The animal was of a whitish color without any spots or markings, and with very large black eyes set on a good-sized peduncle closely adjacent to and behind the tentacles. There is a single narrow gill in the usual position. The tentacles are long, large, and rather slender. The foot is short, broad, and bluntly rounded in front, behind almost truncate. In fact the contracted specimen looked almost as if there was a broad posterior indentation in the middle line. The muzzle is long, narrow, subcylindrical above and transversely expanded at its distal end, which is semi-lunar with a densely papillose surface and fringed edges. This expansion is nearly three times as wide as the stem of the muzzle. The epipodium (the lateral grooves between foot and mantle) has a large lobe behind the eye peduncle but is not connected with it. Behind the lobe is one long process and then a shorter one. The frill behind is merely puckered, but from under the borders of the operculum on each side protrude three good-sized processes. Behind the opercular lobe the epipodium terminates in a prominent point, concave and papillose on its upper surface. There are no frontal lobes between the tentacula. The epipodial point extends some distance behind the posterior end of the foot. The jaw is like that of Calliostoma in shape. It is composed of brown four-sided translucent prismatic rodlets which give under the microscope a reticular marking of diamond-shaped spots to the surface of the jaw. The two sides are not united in the middle line. The radula closely resembles that of Lunella versicolor Gmelin as figured by Troschel (Geb. der Schnecken, ii, pi. 20, fig. 7), except that the bases of the rhachidian and lateral teeth are subcircular, and on a few of the scythe-shaped cusps of the numerous uncini (= the small teeth-like or hook-like structures on the radula) are a few denticles. There are five lateral teeth, and between twenty and thirty uncini. (Dall).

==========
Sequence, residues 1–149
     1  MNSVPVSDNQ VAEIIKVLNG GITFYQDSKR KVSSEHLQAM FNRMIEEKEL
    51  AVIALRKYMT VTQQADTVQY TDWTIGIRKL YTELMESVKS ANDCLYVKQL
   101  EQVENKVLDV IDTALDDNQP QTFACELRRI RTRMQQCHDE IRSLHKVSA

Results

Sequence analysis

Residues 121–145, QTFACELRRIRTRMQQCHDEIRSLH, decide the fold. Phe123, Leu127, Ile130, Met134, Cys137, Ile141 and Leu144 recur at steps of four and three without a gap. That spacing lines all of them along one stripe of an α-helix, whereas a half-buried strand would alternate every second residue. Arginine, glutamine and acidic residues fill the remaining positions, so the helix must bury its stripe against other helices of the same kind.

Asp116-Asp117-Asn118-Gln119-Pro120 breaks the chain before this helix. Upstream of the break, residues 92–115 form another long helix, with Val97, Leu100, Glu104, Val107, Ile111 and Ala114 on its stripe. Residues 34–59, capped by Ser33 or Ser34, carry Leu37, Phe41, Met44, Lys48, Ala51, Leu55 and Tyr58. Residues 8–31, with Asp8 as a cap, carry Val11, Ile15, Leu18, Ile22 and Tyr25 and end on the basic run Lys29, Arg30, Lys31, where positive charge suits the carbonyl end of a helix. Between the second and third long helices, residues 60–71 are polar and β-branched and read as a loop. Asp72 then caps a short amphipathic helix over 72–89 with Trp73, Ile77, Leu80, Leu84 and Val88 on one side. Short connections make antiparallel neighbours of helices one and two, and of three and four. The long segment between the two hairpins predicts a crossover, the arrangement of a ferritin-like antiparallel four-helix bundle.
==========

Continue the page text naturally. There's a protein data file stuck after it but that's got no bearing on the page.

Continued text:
The nucleus of Gaza superba is often caducous, and in such specimens the apex is pierced with a circular perforation 1½ mm in diameter, which is continuous with the umbilicus. There does not appear to be any particular difference between the nucleus and the early whorls, its loss would therefore seem to be due merely to its fragility. In none of those in which it remains is there any indication of its being reinforced by a shelly deposit. (Dall)
The species are all deep-sea dwellers, living mostly at depths of 180 m or greater 
Species within the genus Gaza include:
- Gaza compta Simone & Cunha, 2006
- Gaza cubana Clench & Aguayo, 1940
- Gaza daedala Watson, 1879
- Gaza fischeri Dall, 1889
- Gaza olivacea Quinn, 1991
- Gaza polychoronos Vilvens, 2012
- Gaza rathbuni Dall, 1890
- Gaza superba (Dall, 1881)
- Gaza frederici E. A. Smith, 1906: synonym of Callogaza frederici (E. A. Smith, 1906)
- Gaza sericata Kira, 1959: synonym of Callogaza sericata (Kira, 1959)
- ^ Watson R. B. (1879) "Mollusca of the H.M.S. 'Challenger' expedition". Zoological Journal of the Linnean Society 14: 586-605. page 601.
- ^ a b Gaza . Retrieved through: World Register of Marine Species on 11 August 2012.
- ^ Dall, Rep. on 'Blake ' Gasteropoda, p. 354.
- ^ Tryon (1889), Manual of Conchology XI, Academy of Natural Sciences, Philadelphia
- ^ Gaza compta Simone & Cunha, 2006. Retrieved through: World Register of Marine Species on 1 May 2010.
- ^ Gaza cubana Clench & Aguayo, 1940. Retrieved through: World Register of Marine Species on 1 May 2010.
- ^ Gaza fischeri Dall, 1889. Retrieved through: World Register of Marine Species on 1 May 2010.
- ^ Gaza superba (Dall, 1881). Retrieved through: World Register of Marine Species on 1 May 2010.